As everyone has said - and the point I think Mortimer was making - is that academic historians must strive to demonstrate the source of every point where the role of the fiction writer is to create a universe so real, that the reader is immersed in something where even the gaps feel authentic.

As Adrian Goldsworthy said at one point (and I paraphrase) - the joy and strength of fiction is that we *can* use our imaginations to fill the gaps. And of course, as everyone has said, the point is to entertain, not to deaden.

I'd like to make one other point in this endless debate of fact vs fantasy: I recently read 'Dead Men Risen' by Toby Harnden - a fascinating, well-researched non-fiction book covering the period of the Welsh Guards' tour of Helmand province in 2010.

The author is a respected journalist and was given a great deal of access to official records and was allowed to interview all those who took part in the combat - and yet in his forward, he quotes Rudyard Kipling who made the following remark, referring to the time when he was trying to discover the circumstances of his son's death in battle.

"Men grow doubtful or oversure and in all good faith give directly opposed versions.' - the more he learned, the more difficult it became to establish what really happened because, 'the end of laborious enquiry is too often the opening of fresh confusion'

Kipling had such an astonishing grasp of English - but Harnden is quoting him because he found an identical problem - that men in all honesty would give him diametrically opposing views of what happened at any given time.

It seems to me that if someone with access to living witnesses, emails, cables, records of phone conversations, maps and government documents can't find the truth of what happened 12 months ago, we who delve into the distant past are kidding ourselves if we think we can find the 'truth' of any given event. We can get the broad picture right (Rome invaded Britain, Harold Godwinson lost the battle with William of Normandy, Elizabeth I ordered the execution of Mary Queen of Scots) - and we can avoid anachronisms. We can place characters in the right place at the right time insofar as we know what these were, we can do our best to place the right weapons in their hands and clothe them in the right armour - but even then, it's only 'right' in the light of what is considered the truth at the time of writing - that, too, changes over time.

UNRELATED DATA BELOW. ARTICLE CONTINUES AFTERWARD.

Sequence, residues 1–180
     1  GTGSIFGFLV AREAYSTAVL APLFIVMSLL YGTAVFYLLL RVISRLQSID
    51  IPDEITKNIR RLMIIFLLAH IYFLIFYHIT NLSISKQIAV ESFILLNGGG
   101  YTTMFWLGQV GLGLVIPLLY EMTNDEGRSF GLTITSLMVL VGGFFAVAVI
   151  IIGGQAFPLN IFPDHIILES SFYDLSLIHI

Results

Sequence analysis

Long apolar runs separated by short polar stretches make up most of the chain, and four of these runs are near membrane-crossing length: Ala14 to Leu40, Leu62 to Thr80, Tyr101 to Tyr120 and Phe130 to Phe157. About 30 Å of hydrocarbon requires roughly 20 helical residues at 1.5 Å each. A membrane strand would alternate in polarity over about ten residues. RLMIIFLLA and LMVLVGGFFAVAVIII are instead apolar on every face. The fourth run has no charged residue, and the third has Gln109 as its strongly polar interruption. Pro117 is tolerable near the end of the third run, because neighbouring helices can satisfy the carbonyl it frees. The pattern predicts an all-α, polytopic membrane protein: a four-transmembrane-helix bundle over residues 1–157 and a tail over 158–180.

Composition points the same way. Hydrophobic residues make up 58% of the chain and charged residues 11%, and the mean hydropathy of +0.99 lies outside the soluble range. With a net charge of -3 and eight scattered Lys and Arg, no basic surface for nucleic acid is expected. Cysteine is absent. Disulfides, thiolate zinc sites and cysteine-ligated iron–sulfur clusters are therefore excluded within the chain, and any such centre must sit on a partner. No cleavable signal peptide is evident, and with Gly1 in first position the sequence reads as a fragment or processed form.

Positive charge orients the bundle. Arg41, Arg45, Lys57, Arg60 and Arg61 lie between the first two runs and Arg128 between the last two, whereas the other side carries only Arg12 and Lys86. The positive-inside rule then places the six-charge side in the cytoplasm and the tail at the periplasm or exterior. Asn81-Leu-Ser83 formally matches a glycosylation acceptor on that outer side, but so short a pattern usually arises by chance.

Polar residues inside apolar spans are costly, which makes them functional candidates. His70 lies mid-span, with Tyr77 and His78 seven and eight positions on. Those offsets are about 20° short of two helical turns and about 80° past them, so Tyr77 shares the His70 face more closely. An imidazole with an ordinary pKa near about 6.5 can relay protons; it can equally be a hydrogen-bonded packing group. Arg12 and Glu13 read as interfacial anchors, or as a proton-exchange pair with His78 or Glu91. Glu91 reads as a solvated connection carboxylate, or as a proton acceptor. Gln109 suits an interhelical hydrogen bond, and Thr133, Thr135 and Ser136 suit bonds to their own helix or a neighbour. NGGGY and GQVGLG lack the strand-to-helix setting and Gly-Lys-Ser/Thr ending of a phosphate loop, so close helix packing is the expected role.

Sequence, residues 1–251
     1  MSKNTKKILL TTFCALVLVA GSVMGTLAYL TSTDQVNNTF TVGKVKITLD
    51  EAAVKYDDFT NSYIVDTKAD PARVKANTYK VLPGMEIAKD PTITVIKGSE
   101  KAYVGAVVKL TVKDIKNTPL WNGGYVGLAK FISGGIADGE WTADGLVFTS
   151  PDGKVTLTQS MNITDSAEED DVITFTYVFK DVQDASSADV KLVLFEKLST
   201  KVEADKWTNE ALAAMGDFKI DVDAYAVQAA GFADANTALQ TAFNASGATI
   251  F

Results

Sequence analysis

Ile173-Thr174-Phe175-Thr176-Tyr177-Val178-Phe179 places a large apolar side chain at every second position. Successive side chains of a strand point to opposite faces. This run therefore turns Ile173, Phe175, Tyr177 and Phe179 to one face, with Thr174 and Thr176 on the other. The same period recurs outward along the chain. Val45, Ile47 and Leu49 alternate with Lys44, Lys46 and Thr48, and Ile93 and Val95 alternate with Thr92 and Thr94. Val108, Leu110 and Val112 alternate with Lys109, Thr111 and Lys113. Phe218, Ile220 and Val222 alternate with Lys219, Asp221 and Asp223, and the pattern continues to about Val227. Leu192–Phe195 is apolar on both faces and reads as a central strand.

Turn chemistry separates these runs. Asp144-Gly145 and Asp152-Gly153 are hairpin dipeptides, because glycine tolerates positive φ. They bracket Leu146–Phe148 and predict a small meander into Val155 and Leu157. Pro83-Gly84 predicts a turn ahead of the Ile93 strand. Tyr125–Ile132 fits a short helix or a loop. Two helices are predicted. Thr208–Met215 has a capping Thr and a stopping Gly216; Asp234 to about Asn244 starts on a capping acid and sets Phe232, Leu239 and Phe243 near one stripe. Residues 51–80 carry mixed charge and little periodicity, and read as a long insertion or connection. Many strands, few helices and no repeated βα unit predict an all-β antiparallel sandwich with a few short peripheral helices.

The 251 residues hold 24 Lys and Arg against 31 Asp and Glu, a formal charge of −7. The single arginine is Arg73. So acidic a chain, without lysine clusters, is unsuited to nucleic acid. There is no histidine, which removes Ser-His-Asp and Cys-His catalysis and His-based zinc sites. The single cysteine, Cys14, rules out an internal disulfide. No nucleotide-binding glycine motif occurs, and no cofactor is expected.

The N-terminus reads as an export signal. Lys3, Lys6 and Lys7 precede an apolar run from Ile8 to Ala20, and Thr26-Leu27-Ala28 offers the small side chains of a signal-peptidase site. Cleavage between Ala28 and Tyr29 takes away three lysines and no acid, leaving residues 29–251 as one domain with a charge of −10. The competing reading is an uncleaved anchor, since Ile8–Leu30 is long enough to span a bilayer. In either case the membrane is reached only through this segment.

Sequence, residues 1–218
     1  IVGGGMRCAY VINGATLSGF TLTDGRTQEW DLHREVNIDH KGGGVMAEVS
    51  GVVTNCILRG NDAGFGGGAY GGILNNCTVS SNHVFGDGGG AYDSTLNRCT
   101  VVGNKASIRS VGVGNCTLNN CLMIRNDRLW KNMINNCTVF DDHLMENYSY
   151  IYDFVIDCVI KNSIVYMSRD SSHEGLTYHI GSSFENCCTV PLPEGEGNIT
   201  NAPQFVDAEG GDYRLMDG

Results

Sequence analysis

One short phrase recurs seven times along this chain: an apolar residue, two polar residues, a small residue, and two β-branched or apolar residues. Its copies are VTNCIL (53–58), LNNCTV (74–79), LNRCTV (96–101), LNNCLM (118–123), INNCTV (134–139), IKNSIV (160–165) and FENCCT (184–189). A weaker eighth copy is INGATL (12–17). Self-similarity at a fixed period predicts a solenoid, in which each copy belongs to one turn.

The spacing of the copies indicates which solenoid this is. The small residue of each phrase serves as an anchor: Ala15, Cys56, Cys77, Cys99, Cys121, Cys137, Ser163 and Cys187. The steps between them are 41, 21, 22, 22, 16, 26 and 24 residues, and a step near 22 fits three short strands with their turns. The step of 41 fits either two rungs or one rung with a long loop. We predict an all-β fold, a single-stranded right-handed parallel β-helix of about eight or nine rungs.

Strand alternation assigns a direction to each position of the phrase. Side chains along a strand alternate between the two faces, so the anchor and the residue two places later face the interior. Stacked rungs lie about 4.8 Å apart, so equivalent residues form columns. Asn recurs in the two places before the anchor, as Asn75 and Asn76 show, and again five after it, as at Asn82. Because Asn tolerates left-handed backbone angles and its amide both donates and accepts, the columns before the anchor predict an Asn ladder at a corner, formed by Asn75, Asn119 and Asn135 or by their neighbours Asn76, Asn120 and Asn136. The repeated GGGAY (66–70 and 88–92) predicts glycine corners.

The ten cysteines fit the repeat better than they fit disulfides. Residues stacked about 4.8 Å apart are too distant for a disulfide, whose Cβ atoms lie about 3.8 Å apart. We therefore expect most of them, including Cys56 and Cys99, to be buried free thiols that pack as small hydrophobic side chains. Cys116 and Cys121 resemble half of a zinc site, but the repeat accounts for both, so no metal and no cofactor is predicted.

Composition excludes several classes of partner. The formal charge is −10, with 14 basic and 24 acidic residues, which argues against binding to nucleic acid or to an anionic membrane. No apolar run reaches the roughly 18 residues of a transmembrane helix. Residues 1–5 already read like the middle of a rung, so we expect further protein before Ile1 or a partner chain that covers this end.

I won't go into tedious detail here, but there have been several revisions of what we consider to be 'accurate' in terms of Roman army weapons/armour since I first started writing the Boudica series 12 years ago - but the books are still in print and selling well even though the first book has one or two features that may not concur with current academic thought (and that, too, will evolve into something different over time).

Equally, 10 years from now, the books we are writing now might show their age. But as long as the characters are strong and the narrative grabs a reader and drags her or him into the invented world, then the novels will last long after the textbooks have been rewritten.

manda

[edits for spelling]